Antmicro releases open-source hardware Snapdragon 845 baseboard designed with KiCad

Antmicro team has released an open-source hardware baseboard for Quectel SA800U-WF System-on-Module powered by Qualcomm Snapdragon 845 octa-core processor, which they designed with KiCad open-source EDA tool.

The baseboard supports NVMe storage and offers Micro HDMI and MIPI DSI video interfaces, Gigabit Ethernet with PoE support, USB 3.1 Type-C interfaces, and other I/Os, plus three separate power inputs. The company expects the design to serve as a starting point for building portable smart assistants, kiosks, VR/AR or smart screens, and more.

open-source hardware snapdragon 845 baseboard

Antmicro Snapdragon 845 baseboard specifications:

  • Supported system-on-module – Quectel SA800U-WF with:
    • SoC – Qualcomm Snapdragon 845 octa-core Kryo 385 processor (4x Cortex A75 cores + 4x Cortex-A55 cores), Adreno 630 GPU, Hexagon 685 DSP, 4K H.265/H.264 video decoding and encoding
    • System Memory – 4 GB LPDDR4X
    • Storage – 64 GB UFS storage
    • 802.11b/g/n/ac Wi-Fi 5 2×2 MIMO and Bluetooth 5.0 module
    • Board-to-board connector for connection to baseboard
    • Dimensions – 60.0 x 37.0 x 6.5 mm
    • Weight – 15 grams
  • Storage – M.2 key-M socket (PCIe 2.0) for optional external storage (M.2 SSD), MicroSD card socket
  • Display I/F
    • HDMI output implemented with on-board DSI-HDMI bridge
    • MIPI DSI interface exposed on Flexible Flat Cable (FFC) connector
  • Camera I/F – 2x 4-lane MIPI CSI-2 camera interfaces
  • Networking – Gigabit Ethernet with PoE support
  • USB
    • USB 3.1 Type-C host/OTG port with optional DisplayPort video output
    • USB 3.0 Type-C host port
  • Debugging – USB Type-C port for debugging
  • Misc – Qwiic I2C expansion connector, buttons
  • Power Supply
    • Power over Ethernet
    • USB-C PD port
    • External PSU or battery

Snapdragon 845 baseboard block diagram

You’ll find the KiCad and PDF schematics and other information on Github with everything released under a permissive Apache 2.0 license. Antmicro further highlights the design is completely free (zero cost license and royalty-free platform), and it appears they’ve done this to promote their services which include “complete hardware, software, AI, OTA and fleet management development services, from a product’s inception to mass deployment”. In any case, you are free to build on the design or ask Antmicro to help.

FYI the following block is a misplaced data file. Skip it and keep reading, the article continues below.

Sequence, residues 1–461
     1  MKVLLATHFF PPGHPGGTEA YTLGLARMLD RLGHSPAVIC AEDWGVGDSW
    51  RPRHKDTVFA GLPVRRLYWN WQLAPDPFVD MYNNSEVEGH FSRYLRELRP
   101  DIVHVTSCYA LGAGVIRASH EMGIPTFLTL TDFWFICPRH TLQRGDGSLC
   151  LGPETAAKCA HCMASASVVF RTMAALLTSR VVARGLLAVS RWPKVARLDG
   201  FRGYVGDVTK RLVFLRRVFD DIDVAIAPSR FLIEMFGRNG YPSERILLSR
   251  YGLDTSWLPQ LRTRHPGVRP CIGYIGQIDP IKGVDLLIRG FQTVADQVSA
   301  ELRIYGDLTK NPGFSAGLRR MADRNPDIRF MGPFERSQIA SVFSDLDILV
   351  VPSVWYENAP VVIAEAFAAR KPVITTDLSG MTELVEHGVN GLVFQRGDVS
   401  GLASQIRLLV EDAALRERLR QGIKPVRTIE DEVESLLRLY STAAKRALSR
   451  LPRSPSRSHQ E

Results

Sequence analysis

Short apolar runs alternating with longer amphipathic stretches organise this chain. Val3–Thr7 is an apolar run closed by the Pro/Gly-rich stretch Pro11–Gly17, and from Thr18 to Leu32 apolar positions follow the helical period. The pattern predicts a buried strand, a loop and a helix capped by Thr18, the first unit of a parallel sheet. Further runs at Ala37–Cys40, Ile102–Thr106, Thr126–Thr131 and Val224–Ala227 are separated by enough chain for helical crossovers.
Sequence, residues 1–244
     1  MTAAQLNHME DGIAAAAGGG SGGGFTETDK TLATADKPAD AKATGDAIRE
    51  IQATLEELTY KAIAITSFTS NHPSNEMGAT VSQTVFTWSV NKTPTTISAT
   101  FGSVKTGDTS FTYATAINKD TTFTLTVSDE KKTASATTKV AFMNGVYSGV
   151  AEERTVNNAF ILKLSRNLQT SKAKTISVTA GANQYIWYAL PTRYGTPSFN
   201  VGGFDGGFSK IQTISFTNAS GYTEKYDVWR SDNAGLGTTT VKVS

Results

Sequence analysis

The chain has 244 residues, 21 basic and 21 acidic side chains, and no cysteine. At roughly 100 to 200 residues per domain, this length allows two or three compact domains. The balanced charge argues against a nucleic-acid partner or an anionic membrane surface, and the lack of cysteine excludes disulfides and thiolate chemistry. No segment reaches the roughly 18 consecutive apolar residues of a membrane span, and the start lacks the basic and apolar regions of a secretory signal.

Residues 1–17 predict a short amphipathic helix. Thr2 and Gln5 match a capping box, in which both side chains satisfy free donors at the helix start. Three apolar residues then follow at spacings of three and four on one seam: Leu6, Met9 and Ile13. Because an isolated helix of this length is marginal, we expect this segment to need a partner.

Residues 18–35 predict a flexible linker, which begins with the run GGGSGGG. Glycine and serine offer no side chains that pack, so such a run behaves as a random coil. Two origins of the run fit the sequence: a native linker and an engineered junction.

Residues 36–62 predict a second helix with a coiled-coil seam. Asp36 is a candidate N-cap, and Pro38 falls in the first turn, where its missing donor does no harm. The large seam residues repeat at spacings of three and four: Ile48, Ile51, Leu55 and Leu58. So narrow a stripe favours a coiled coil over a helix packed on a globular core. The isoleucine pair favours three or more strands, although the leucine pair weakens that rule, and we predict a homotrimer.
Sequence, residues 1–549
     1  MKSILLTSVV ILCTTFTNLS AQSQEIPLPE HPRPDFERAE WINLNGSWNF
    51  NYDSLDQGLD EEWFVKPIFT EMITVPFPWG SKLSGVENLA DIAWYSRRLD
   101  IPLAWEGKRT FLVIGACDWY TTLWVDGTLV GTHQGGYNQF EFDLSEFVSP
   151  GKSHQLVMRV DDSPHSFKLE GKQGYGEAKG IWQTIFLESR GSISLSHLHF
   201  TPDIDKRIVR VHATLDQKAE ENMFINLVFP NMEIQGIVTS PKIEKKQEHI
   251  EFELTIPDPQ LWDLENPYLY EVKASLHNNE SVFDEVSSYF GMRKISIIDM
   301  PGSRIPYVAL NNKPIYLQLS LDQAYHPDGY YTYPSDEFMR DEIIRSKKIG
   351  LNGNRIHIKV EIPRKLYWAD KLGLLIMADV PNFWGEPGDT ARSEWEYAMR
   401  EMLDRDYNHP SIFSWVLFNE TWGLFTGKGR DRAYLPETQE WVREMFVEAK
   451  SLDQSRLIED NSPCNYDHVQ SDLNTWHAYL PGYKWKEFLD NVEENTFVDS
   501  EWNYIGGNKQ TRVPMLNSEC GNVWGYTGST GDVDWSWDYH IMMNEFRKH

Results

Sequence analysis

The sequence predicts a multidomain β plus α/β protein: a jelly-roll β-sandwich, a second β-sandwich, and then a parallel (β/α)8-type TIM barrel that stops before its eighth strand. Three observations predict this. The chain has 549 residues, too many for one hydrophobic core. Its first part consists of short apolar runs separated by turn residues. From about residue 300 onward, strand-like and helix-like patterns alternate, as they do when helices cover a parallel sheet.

The Quectel SA800U-WF module ships with Android 9.0 or 10.0, but other companies are offering Linux BSPs for their Snapdragon 845-powered products, and that includes Qualcomm’s own Robotics RB3 Development Platform that runs Debian or OpenEmbedded. Antmicro also highlights support for AI-oriented frameworks such as TensorFlow, TensorFlow Lite or Caffe2 with processing accelerated with the GPU and Hexagon Vector Extensions.

It does not look like Antmicro intends to sell the board based on the information provided in the announcement.

Via Liliputing,

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6 Comments
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Marcin Dąbrowski
1 month ago

Why even bother? Qualcomm is against properly supporting both amateur and commercial clients.

Dan C
Dan C
1 month ago

Very similar specs to my 5 year old phone, but with lots physical ports so no need for usb dock

Theguyuk
Theguyuk
1 month ago

Now if they updated the software and sold it like a RPI4 COM for £10-£15 more. Only a pipe dream.

Willberenamed
Willberenamed
1 month ago

When is written UFS can u specify which type? 2.0-3.0-3.1?

And also the price because I think will be very expensive.

Jens Bauer
Jens Bauer
1 month ago

Couldn’t care less about UFS, but the quad 2.8GHz Cortex-A75 + M.2 (and quad 1.8GHz Cortex-A55) sounds interesting.
Now, if they had just put the GbE on PCIe2.0 instead of PCIe3.0, they could have put the M.2 on PCIe3.0 instead of PCIe2.0!
-Still, this board beats most other boards, just because it offers a PCIe connection to the outside world.
This board does make Antmicro a company I’ll have in mind – and maybe I’ll even get one of these boards.

tkaiser
tkaiser
1 month ago

> if they had just put the GbE on PCIe2.0 instead of PCIe3.0

Exactly my thoughts but since I assume they’re not stupid I thought ‘block diagram wrong’.

Anyway: if I’m not wrong it’s only one lane per PCIe controller but ofc Gen3 speed on the M.2 slot is twice as fast as Gen2 (both bandwidth and latency).

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